The Supreme Court on Monday rejected an appeal from a woman who says she was raped as a West Point cadet, with Justice Clarence Thomas alone arguing that the court should have heard her case.
The woman, who attended the U.S. Military Academy from 2008 to 2010, had sued saying the academy’s leadership tolerated a culture that was hostile toward women and failed to provide adequate support for cadets who are assaulted, among other things. But lower courts said her lawsuit against the U.S. government couldn’t go forward.
Thomas wrote in a dissent that the high court should have taken the case to reconsider a 70-year-old precedent that prevents members of the military from suing the United States when they are injured while doing their duties.
It is the second time in as many years he has noted his disagreement when the court has declined to revisit the issue. Thomas says the case the court decided decades ago has led to bizarre and surprising results, including barring the former cadet’s case.
“Under our precedent, if two Pentagon employees — one civilian and one a servicemember — are hit by a bus in the Pentagon parking lot and sue, it may be that only the civilian would have a chance to litigate his claim on the merits,” Thomas wrote in a three-page dissent.
In the West Point case, lower courts said the woman’s claims were barred by the so-called Feres doctrine, which comes from a 71-year-old Supreme Court case, Feres v. United States, 340 U. S. 135 (1950). In it, the Supreme Court held that the Federal Tort Claims Act does not give members of the military the ability to sue the United States for injuries that
“arise out of or are in the course of activity incident to” their active duty service in the military.
Thomas wrote that “Feres was wrongly decided; and this case was wrongly decided as a result.” Thomas gave one reason the court may be unwilling to take up the issue.
“Perhaps the Court is hesitant to take up this issue at all because it would require fiddling with a 70-year-old precedent that is demonstrably wrong. But if the Feres doctrine is so wrong that we cannot figure out how to rein it in, then the better answer is to bid it farewell,” he wrote.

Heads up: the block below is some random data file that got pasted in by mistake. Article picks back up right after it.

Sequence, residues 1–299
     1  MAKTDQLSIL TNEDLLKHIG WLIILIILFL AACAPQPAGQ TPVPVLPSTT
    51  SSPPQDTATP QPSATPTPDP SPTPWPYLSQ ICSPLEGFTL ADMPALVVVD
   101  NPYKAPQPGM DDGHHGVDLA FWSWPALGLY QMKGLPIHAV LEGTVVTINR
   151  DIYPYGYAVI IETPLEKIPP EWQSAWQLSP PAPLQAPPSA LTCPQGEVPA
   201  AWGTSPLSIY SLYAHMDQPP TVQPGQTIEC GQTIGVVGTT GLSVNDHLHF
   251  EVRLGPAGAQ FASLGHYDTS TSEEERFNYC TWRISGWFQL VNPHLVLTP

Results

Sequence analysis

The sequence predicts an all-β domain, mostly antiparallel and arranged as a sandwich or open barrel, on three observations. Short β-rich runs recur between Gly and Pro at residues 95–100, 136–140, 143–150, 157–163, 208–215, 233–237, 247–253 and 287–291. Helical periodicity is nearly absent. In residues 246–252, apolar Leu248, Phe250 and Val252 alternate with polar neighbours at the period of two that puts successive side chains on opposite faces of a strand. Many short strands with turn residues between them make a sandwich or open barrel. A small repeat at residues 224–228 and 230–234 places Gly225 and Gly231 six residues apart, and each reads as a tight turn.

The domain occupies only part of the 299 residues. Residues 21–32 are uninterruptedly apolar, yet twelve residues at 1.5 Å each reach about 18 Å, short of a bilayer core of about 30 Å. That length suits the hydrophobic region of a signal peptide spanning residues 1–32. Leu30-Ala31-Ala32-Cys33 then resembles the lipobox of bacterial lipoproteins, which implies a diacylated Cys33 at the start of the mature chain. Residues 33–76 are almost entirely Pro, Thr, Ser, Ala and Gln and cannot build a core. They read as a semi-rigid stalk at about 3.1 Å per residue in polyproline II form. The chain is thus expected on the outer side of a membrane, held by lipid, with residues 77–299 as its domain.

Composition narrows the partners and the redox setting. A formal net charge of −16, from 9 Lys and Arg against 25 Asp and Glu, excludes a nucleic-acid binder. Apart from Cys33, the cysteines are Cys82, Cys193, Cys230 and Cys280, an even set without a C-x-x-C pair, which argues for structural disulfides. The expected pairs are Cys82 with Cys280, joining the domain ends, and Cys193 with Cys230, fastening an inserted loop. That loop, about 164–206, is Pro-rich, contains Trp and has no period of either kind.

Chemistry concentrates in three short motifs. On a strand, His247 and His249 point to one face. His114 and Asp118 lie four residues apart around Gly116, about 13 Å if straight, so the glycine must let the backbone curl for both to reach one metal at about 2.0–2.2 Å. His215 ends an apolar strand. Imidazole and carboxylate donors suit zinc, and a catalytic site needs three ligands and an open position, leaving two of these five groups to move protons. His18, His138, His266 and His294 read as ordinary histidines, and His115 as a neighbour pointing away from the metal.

Thomas cited about half a dozen cases where the court had overturned a precedent including the landmark Brown v. Board of Education case, which outlawed segregation in public schools and overturned the court’s Plessy v. Ferguson decision.
Some liberals are particularly concerned now about the court agreeing to revisit precedents. They’re worried that the court, which now includes six conservatives and three liberals, might also revisit and overturn Roe v. Wade, the 1973 Supreme Court decision legalizing abortion nationwide. Thomas has previously said that the court’s “abortion precedents are grievously wrong and should be overruled.”
In 2019, however, both Justice Ruth Bader Ginsburg, a liberal, and Thomas, a conservative, indicated they wanted to revisit the Feres doctrine. They said they would have taken a case involving a Navy lieutenant, Rebekah Daniel, who gave birth at a naval hospital and died due to a complication. Daniel’s husband was barred from suing because of the Feres doctrine. Ginsburg has since been replaced on the court by Justice Amy Coney Barrett.
The Biden administration had urged the court not to take the West Point case. It noted that if Congress wants, it can change the law to permit lawsuits currently barred by the Feres doctrine.
The denied petition for writ of certiorari is Jane Doe v. United States, 20-559.